Spiller recalls, "One day, Ed Fries came to me wanting to take the name 'Bogus Software' to use for his shareware company for his fish program. This seemed kind of cool to me, as long as the real core of Bogus Software - the occasional recreational hack - would remain intact. So he and Tom Saxon called their company 'Tom and Ed's Bogus Software'."6 In the Help file for Space War! Spiller notes, "We have already granted Tom & Ed rights to the name, which is only right, since they are part of Bogus Software."14
Dave Edson joined Microsoft in August 1988 to work on product support for the Windows SDK21. He had already published several TRS-80 games such as Caterpillar (1982), Tube Frenzy (1982), Venturer (1982), Planet Raider (1982), Catch-Em (1982) and Tutankam (1983). In March 1989 he released Tetris for Windows 1.00 copyright Bogus Software and in July 1990 he added a two-player mode. One lucky person remembers, "When I came to Dave's office for my half-hour interview he was just putting the finishing touches on a two-player mode. Under the pretext of helping him test this new feature, Dave proceeded to throttle me one game after another for a good twenty minutes."22 Tetris was included in WEP 1 after Microsoft sorted out the copyright issues12. He ported Catchem to MS-DOS in 1989 but used his own label, Edson Software.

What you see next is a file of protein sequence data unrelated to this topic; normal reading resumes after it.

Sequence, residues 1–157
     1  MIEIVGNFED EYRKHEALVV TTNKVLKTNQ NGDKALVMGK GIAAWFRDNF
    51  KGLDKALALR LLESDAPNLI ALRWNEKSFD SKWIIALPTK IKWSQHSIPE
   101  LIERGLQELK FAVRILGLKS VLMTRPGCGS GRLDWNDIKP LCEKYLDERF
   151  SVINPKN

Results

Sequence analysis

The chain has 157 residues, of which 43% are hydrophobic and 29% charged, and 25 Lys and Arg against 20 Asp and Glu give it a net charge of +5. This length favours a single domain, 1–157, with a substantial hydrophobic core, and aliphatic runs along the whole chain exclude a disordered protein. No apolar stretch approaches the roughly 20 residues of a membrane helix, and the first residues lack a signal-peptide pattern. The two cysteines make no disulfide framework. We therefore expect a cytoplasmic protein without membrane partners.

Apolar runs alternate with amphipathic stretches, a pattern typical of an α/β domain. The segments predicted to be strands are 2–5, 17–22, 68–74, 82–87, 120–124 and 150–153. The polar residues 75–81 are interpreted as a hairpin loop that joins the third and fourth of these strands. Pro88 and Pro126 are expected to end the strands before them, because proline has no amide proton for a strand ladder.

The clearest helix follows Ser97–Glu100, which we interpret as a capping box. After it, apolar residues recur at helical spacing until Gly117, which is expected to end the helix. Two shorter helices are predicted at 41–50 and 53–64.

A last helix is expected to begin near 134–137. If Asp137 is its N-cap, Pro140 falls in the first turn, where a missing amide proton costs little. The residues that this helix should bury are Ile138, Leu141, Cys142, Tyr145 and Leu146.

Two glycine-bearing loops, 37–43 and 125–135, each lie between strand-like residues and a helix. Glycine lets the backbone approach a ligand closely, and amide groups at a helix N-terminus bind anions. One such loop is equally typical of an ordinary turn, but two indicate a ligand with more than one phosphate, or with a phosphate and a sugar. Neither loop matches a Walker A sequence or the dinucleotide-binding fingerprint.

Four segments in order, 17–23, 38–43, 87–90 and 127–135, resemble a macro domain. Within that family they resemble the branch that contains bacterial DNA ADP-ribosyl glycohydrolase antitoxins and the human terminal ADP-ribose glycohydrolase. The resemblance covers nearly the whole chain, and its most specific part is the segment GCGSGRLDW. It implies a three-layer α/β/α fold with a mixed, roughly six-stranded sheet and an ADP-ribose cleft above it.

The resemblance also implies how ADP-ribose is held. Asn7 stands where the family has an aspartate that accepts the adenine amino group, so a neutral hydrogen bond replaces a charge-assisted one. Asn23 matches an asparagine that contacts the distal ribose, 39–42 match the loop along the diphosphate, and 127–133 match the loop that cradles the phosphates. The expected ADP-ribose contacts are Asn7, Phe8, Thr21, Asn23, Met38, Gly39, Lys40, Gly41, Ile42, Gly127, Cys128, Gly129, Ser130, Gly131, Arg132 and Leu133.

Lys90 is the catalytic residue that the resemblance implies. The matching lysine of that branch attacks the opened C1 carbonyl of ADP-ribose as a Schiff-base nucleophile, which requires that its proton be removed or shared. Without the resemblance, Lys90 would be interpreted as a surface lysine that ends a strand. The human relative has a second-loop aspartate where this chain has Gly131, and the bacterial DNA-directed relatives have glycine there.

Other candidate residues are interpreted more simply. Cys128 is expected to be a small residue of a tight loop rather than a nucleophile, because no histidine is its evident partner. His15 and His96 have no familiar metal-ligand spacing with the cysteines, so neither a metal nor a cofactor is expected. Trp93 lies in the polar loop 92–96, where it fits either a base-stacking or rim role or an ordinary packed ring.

Curt Johnson joined Microsoft in 1989 to maintain an OS/2 debugger program. He told this site, "I don't remember who was involved with Bogus Software, or giving them credit for my games."23 However, the earliest versions of his games PM Mine and Tic Tac Toe are copyright Bogus Software. He wrote PM Mine for OS/2 in 1989 and named it after his favourite MacIntosh game ("Mine") and the OS/2 windowing system ("Presentation Manager"). The object of the game was to cross a minefield from the bottom left corner to the top right corner using number clues. It was updated by Robert Donner in May 1990 as PM Mine 2.01 although the About box still claimed to be version 2.00. The game also credits David Shulman who joined in May 1989 for "Testing & Design"24. Johnson also released Tic Tac Toe 0.1 for Windows 3.0 on 12 June 1990 with Robert Donner. His other games included Brick, Slots, Puzzle and Bridge It in 1990 but these do not credit the software label.